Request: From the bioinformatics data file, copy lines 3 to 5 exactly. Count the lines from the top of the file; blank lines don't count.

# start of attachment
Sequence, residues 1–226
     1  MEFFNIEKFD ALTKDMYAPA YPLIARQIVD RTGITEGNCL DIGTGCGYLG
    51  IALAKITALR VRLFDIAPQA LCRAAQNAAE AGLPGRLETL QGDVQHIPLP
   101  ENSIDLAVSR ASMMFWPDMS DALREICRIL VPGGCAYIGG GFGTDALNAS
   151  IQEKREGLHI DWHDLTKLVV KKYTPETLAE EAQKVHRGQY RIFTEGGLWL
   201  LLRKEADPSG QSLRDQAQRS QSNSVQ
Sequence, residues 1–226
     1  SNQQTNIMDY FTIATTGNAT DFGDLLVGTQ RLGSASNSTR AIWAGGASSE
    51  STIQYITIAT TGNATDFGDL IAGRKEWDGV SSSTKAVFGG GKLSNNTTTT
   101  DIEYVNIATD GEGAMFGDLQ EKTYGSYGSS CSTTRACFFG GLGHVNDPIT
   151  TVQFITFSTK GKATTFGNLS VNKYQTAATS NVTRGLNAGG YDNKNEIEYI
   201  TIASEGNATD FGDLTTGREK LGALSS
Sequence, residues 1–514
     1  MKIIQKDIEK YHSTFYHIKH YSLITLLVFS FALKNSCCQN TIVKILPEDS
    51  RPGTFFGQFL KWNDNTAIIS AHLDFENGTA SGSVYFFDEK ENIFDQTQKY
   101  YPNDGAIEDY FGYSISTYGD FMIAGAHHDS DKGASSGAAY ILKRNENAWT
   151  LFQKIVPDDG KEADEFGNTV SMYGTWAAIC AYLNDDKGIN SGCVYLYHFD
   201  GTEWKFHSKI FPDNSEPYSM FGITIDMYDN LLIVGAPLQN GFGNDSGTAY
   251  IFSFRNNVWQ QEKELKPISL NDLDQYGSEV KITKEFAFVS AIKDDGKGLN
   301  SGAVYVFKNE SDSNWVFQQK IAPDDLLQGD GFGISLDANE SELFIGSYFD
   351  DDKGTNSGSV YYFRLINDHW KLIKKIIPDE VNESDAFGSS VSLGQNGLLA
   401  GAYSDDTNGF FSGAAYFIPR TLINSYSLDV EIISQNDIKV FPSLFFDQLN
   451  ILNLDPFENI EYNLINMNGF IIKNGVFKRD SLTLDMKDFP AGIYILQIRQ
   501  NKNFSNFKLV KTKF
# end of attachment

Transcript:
    51  IALAKITALR VRLFDIAPQA LCRAAQNAAE AGLPGRLETL QGDVQHIPLP
   101  ENSIDLAVSR ASMMFWPDMS DALREICRIL VPGGCAYIGG GFGTDALNAS
   151  IQEKREGLHI DWHDLTKLVV KKYTPETLAE EAQKVHRGQY RIFTEGGLWL